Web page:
The Ted Wells report implies that many Patriots employees, including Tom Brady, knew Getty Images

After the pomp and circumstance that was the NFL Draft last week, the league released its report on the Patriots and their complicity in yet another cheating scandal, deflating footballs at halftime of the AFC Championship game against the Colts.

Though the competitive advantage gained from lowering the PSI of the footballs made no difference as the Pats earned a blowout victory, the simple fact remained: someone broke the rules.

Tom Brady, Bill Belichick(prior to their improbable Super Bowl win over the Seahawks in early February)and others claimed they had no idea how it happened, so the NFL's report, released Wednesday afternoon, shed some answers--but not many.

The Ted Wells report stated that:"For the reasons described in this Report, and after a comprehensive investigation, we have concluded that, in connection with the AFC Championship Game, it is more probable than not that New England Patriots personnel participated in violations of the Playing Rules and were involved in a deliberate effort to circumvent the rules.


The 243 page documentgoes on th say that"it is more probable than not that Jim McNally (the Officials Locker Room attendant for the Patriots) and John Jastremski (an equipment assistant for the Patriots) participated in a deliberate effort to release air from Patriots game balls after the balls were examined by the referee. Based on the evidence, it also is our view that it is more probable than not that Tom Brady (the quarterback for the Patriots) was at least generally aware of the inappropriate activities of McNally and Jastremski involving the release of air from Patriots game balls."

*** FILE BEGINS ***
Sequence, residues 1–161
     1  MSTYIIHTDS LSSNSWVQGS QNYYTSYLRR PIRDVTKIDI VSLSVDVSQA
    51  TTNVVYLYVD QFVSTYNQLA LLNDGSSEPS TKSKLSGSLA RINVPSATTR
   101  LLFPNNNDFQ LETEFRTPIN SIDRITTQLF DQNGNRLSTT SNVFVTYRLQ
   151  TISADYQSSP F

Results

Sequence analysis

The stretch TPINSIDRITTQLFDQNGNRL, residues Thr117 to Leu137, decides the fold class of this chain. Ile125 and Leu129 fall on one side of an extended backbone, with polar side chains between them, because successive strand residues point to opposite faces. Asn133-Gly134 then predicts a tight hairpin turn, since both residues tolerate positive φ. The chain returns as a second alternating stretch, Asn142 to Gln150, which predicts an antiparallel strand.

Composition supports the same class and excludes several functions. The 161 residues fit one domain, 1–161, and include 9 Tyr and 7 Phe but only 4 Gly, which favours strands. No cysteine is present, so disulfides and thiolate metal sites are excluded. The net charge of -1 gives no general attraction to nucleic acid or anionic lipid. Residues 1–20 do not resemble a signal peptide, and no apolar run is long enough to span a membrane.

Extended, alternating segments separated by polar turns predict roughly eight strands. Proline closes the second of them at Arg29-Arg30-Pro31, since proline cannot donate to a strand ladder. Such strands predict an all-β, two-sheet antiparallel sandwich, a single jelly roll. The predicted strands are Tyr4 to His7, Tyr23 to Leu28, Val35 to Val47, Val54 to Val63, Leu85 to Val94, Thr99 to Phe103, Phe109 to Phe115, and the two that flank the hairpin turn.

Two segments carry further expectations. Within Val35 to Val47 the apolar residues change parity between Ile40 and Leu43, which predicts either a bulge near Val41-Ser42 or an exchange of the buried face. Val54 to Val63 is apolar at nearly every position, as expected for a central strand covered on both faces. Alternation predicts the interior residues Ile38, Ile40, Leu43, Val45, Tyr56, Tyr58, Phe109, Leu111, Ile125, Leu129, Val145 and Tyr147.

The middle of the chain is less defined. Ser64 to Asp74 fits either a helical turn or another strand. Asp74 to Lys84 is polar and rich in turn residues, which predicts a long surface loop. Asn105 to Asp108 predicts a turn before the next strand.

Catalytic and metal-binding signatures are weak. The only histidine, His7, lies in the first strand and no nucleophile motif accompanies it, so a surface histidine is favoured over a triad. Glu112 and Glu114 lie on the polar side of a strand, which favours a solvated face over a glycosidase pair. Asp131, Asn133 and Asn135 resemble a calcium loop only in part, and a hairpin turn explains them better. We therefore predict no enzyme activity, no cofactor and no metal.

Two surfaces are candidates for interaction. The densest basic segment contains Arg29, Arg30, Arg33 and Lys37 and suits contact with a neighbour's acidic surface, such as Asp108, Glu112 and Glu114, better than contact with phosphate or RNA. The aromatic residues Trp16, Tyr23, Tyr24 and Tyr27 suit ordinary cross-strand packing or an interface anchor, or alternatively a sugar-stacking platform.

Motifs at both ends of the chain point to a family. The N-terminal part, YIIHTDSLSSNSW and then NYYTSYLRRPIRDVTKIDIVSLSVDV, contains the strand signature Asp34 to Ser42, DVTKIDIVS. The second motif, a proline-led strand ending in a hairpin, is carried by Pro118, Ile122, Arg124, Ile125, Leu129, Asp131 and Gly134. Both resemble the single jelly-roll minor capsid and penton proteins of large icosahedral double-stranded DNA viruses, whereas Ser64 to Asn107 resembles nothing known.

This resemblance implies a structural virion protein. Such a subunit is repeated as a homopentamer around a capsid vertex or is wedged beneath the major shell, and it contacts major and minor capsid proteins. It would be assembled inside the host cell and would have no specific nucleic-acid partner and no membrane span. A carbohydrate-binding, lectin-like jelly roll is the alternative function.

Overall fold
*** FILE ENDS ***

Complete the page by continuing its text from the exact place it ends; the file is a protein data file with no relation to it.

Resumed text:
Brady denied, denied denied, so his perceived knowledge of the actions of his coworkers in the lockerroom makes it appear he lied repeatedly to football fans this past January.

The report did not, however, blame Patriots personnel, kicker Stephen Gostkowski, the owner of the Pats or Bill Belichik for putting deflated balls out for play. "We find that thePatriots personnel involved believed the ball to be authentic and appropriate ... In particular, we do not believe there was anywrongdoing or knowledge of wrongdoing by Patriots ownership, Patriots Head Coach BillBelichick or any other Patriots coach in the matters investigated."

Texts between Jastremski and McNally show that the two complained about Brady's requests about inflation levels of the footballs. The report states that McNally expresses "knowledge that Brady prefers footballs inflated at the low endof the permissible range and his express request that the referee set theballs at a 12.5 psi level."

Jastremski and McNally repeatedly joke in their texts that they will inflate balls for Brady till they are like "watermelons" because they find his requests annoying, but McNally also refers to himself as "the deflator" in the texts.

The Patriots and owner Robert Craft released a statement that in no uncertain terms criticized the report for having "noincontrovertible or hard evidence of deliberate deflation."

"Knowing that there is no real recourse available," the New England statement read, "fighting the league and extending this debate would prove to be futile. We understand and greatly respect the responsibility of being one of 32 in this league and, on that basis, we will accept the findings of the report and take the appropriate actions based on those findings as well as any discipline levied by the league."

Penalties for the Patriots actions are still undetermined, if there are to be any.

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